Tony Blauer Self Defense

By tactical defense and combatives expert Tony Blauer

For 43 years I have been studying violence, fear, and aggression.

My main business is training law enforcement, military, first-responders, combat athletes, and more. Over the course of 40 years, I've interviewed hundreds of victims of violence.


As a high-performance coach for people whose decisions could literally affect their safety, I wasn't satisfied. That got me thinking about mindset and performance.

One of the biggest lightbulbs moments I had and want to share with you is when I connected the dots between physiology and psychology.

Without getting too nerdy and neurosciencey with you, so much of the research around fear was about the physiological changes in the body. (I'm sure you've heard the terms 'fight or flight' syndrome, adrenaline dumps, fear-spike, etc.)

These are all academic terms that didn't help my clients or athletes learn or improve performance.

Tony Blauer Self Defense nextleveltraining.com

Telling someone they hesitated or choked or panicked or froze because they had a fear spike that triggered an adrenaline dump, that changed their state from parasympathetic to sympathetic, etc… didn't really help.

After much experimentation, I came up with a system and a formula so we all could use "fear as fuel". Studying stress and fear over a career that has spanned 40+ years has given me so much insight, data, and opportunity to test and ultimately create the KNOW FEAR program.

My system works for men and women who are literally in real physical danger - and that means it will work for you if you apply it!

I look forward to helping you change your relationship with fear too.

Dr. Craig's Martial Arts Movie Lounge

When The Fast and the Furious (2001) sped into the psyche's of illegal street racing enthusiasts, with a penchant for danger and the psychotic insanity of arrant automotive adventure, the brusque bearish, quasi-hero rebel, Dominic "Dom" Toretto was caustic yet salvationally portrayed with the power of a train using a Vin Diesel engine.

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The skill of stick fighting as a handy weapon dates from the prehistory of mankind. The stick has got an advantage over the stone because it could be used both for striking and throwing. In lots of countries worlwide when dealing with martial arts there is a special place for fighters skillful in stick fighting. ( India, China, Japan, Korea, New Zealand, countries of Africa, Europe and Americas etc).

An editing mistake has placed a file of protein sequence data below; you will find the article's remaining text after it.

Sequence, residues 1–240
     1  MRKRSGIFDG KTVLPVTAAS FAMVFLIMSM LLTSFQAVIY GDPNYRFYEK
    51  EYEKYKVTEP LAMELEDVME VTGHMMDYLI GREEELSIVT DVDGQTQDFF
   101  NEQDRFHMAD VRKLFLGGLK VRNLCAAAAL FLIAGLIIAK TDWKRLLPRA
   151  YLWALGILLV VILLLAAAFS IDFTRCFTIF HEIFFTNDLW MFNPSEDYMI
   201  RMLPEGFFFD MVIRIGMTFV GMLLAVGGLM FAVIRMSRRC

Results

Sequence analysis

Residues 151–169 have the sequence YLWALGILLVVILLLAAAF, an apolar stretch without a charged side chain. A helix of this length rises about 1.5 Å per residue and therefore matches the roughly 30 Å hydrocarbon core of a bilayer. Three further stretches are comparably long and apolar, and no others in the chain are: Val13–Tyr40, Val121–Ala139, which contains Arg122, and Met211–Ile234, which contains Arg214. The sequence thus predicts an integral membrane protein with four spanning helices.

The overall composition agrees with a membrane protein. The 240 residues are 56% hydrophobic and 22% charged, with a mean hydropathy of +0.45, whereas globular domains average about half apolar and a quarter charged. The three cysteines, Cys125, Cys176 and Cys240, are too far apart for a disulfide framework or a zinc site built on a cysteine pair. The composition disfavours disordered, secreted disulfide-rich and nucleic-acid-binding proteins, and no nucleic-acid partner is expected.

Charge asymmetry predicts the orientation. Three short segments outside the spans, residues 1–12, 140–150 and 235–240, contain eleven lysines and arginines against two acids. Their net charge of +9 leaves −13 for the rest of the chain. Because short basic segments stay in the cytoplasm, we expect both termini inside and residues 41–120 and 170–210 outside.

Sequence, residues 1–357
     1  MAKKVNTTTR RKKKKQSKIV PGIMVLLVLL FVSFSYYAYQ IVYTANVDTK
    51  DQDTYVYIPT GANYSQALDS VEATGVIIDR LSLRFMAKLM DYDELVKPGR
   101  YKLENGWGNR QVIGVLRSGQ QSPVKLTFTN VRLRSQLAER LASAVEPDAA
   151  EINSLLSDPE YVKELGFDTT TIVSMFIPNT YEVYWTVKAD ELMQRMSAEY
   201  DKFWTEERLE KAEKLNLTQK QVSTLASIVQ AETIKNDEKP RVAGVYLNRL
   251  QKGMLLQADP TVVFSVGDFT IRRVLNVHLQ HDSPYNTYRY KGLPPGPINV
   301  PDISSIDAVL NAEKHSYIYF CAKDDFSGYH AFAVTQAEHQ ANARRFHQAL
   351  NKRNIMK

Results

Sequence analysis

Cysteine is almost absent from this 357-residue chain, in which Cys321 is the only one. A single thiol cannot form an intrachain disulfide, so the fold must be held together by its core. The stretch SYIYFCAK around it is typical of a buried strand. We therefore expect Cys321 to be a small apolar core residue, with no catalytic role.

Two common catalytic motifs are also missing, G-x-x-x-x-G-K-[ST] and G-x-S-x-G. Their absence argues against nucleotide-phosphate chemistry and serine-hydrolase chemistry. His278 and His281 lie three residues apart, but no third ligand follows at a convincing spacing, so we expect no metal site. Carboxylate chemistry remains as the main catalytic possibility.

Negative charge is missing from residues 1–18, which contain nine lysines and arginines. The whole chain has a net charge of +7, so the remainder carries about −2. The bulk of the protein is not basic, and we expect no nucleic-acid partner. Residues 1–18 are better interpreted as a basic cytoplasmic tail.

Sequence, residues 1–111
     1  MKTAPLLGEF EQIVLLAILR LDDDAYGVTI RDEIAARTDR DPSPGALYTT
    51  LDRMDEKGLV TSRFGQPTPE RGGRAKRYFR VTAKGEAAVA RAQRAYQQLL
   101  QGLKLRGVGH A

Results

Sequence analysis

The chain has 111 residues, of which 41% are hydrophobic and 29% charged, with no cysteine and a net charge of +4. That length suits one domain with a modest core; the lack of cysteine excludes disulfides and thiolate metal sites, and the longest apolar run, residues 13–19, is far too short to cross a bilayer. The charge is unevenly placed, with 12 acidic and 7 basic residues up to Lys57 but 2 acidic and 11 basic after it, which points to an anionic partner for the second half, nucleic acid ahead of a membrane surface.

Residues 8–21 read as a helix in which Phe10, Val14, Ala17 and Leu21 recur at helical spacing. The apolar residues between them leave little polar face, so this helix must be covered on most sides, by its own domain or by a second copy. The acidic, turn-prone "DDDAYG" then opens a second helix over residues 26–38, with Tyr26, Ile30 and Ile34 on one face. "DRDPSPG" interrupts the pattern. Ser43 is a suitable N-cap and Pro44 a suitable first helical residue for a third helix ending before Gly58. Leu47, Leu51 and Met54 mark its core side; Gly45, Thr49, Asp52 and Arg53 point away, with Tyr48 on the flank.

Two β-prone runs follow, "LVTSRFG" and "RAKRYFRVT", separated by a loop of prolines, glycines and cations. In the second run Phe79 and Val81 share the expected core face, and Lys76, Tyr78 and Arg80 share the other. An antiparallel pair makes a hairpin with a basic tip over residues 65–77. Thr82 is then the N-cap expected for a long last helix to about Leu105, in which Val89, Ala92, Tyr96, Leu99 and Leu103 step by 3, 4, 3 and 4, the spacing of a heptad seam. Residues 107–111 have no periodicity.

The short stick as a handy weapon has been used as a means of self-defence from animals and later various attackers. Regarding its length it was better than the long stick, primarily because it was easier to carry and use. The short stick as a means of self-defence was used namely in all countries of the world long time ago.

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The Czech Republic's Lukas Krpalek put himself in the history books Friday when he became only the third judoka to ever win Olympic gold medals in two different weight categories claiming the men's +100 kg division in Tokyo. Krpalek, who won the under 100 kg class at the 2016 Rio Olympics, hit a throw with time running out in the finals against Georgia's Guram Tushishvili and went into a hold down to pin Tushishvili for the full point to earn his second Olympic championship. Meanwhile, two-time defending +100 kg champion Teddy Riner of France, considered by some the greatest judoka in history, was upset in the quarter finals and had to settle for the bronze.

On the women's side, Akira Sone helped Japan break its own record for most judo gold medals in a single Olympics when she claimed her country's ninth gold of the tournament capturing the women's +78 kg division against Cuba's Idalys Ortiz. The win came in somewhat anticlimactic fashion as no throws were landed and Ortiz lost on penalties in overtime.